Conservative estimates indicate that over 1.5 million IVF cycles are carried out every year worldwide, resulting in approximately 400,000 babies born [5]. In the United Kingdom and the United States, approximately 3 and 2%, respectively, of all infants born every year are conceived using ART [6, 7]. Globally, ART babies represent about 0.3% of the total live birth rate every year [5, 8]. Presently, we do not know how long the suspension of fertility treatments will last; however, estimates ranging from 3 to 12 months or even longer have been suggested, depending on how effective governments implement quarantine measures and how long it takes to acquire herd immunity. Thus, the number of infants expected to be conceived and born –but who will be so due to the lockdown of infertility services– might be as significant as the total number of deaths attributed to the COVID-19 pandemic.

Along these lines, the ‘time’ variable is crucial for specific subgroups of infertile women, in particular, patients with ‘low prognosis’ for success in ART who tends to lose their fertility potential rapidly. The implications of postponing ART treatment under these circumstances demand significant attention. Notably, the probability of embryo euploidy, i.e., having an exact multiple of the haploid number of chromosomes, declines sharply after the age of 34 years and is overall lower than 50% for this subgroup (Supplementary Figure 1) [9]. At ages 35, 36, 37, 38, 39, and 40 years, the relative loss in embryo euploid probability from the previous year is 6.7, 8.2, 9.8,11.6, 13.6, and 15.7%, respectively (Supplementary Figure 2) [9].

The impact of female age on the success rates of ART is more dramatic in older than younger patients as more oocytes are needed –in the former– to obtain at least one euploid embryo for transfer.

Along these lines, the ART calculator –a clinical predictive model used to estimate the number of mature (metaphase II) oocytes needed to obtain at least one euploid embryo in couples undergoing ART – indicates that 13 (95% confidence interval [CI]: 11–16), 16 (95% CI: 13–20), and 19 (95% CI: 15–25) oocytes are needed for women aged 38, 39, and 40 years, respectively [10, 11]. By contrast, only 5 (95% CI: 4–6) and 6 (95% CI: 5–7) oocytes are required for patients aged 33 and 34 years to have at least one euploid embryo [10, 11]. These figures, combined with the proven reduced ovarian reserve in patients of advanced age, clearly indicate that reproductive outcomes will be decreased if treatment is further delayed.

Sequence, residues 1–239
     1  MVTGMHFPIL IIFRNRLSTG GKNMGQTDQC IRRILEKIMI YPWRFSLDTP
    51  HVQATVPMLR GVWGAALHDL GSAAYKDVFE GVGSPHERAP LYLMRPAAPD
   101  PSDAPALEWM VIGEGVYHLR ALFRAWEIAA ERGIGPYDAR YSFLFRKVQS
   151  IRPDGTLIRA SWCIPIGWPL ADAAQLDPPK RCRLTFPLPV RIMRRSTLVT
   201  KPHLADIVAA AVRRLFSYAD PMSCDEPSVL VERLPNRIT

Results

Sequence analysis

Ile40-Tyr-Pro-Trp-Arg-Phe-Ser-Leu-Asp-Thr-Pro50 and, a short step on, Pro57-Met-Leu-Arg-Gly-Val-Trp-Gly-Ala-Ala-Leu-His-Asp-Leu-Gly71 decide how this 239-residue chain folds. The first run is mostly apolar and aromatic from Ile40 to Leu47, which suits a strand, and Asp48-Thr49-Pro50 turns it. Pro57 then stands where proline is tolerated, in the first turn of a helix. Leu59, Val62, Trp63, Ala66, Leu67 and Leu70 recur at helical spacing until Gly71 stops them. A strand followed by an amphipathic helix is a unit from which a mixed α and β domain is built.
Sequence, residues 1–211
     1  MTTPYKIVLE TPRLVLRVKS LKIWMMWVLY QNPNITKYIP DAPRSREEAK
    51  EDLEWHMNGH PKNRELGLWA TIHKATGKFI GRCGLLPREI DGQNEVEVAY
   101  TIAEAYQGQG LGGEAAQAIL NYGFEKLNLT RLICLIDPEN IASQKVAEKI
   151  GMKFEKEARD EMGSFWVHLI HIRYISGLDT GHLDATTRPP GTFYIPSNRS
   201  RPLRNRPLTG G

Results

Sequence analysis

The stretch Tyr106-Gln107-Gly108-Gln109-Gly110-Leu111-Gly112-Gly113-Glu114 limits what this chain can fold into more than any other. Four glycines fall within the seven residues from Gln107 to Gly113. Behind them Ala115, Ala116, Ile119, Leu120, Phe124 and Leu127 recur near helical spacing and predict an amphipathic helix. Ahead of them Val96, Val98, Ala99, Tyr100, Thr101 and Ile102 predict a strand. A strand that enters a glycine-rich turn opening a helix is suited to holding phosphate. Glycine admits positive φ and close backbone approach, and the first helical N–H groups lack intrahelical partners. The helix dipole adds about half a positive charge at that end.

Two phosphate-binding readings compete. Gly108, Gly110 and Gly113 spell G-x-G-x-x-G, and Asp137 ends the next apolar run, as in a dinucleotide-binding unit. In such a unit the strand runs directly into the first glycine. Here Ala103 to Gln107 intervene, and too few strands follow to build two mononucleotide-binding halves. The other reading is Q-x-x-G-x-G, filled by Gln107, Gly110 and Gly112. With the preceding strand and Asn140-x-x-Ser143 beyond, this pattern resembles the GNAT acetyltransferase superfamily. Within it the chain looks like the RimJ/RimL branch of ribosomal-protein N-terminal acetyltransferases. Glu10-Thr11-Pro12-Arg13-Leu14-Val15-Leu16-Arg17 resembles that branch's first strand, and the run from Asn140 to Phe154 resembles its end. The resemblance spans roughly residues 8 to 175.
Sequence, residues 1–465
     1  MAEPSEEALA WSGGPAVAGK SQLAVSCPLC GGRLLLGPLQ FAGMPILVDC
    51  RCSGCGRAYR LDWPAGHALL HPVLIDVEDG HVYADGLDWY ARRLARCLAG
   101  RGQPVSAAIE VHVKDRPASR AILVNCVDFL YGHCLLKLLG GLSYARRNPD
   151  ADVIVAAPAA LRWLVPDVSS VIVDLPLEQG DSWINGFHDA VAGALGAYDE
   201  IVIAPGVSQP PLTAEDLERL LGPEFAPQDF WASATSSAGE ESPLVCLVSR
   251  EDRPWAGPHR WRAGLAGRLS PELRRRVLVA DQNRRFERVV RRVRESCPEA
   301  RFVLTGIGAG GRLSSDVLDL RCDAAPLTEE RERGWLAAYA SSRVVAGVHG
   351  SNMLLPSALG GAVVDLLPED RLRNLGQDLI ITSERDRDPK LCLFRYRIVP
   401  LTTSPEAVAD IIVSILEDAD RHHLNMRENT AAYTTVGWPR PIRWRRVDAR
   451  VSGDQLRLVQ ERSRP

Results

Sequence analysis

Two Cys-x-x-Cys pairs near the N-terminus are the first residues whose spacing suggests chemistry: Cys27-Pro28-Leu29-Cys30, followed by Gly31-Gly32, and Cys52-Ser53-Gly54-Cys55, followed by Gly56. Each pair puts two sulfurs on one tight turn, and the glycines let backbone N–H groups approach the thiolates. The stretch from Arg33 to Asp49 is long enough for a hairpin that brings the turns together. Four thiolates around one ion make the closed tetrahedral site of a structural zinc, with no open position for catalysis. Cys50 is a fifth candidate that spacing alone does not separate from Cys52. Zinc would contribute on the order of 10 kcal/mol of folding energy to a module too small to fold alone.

The Poseidon group in 2015 introduced new criteria to identify the ‘low prognosis patient’ undergoing ART [12,13,14]. Based on female age, ovarian reserve, and previous history of ovarian stimulation –if available–, ‘low prognosis’ patients were stratified into four specific subgroups, each of which with a distinct prognosis concerning the likelihood of conceiving and delivering a baby with the use of ART (Supplementary Figure 3). The primary aim of the Poseidon criteria was to provide patient counselling and clinical guidance regarding interventions that could help these patients conceive in the shortest possible time. The most vulnerable Poseidon patients are those within groups 2 and 4, i.e., ageing patients 35 years or above, with (i) an unexpected suboptimal number of oocytes retrieved in a previous ART cycle despite a normal ovarian reserve (group 2), or (ii) low ovarian reserve in whom the number of oocytes resulting from ovarian stimulation is invariably low (group 4) [12, 15, 16]. The reason relates to the impact of maternal age and number of oocytes on the availability of euploid embryos, and thus, live birth. In particular, Poseidon group 4 patients are running out of time, and any further delay in treatment might imply the loss of a future opportunity to obtain a biological child. Indeed, the percentage of initiated ART cycles resulting in a live birth is estimated to be 41.5% in women younger than 35 years; however, these numbers dramatically decrease with ageing, being less than 5% in women above 40 years [17].

The impact of COVID-19 for women in need of fertility preservation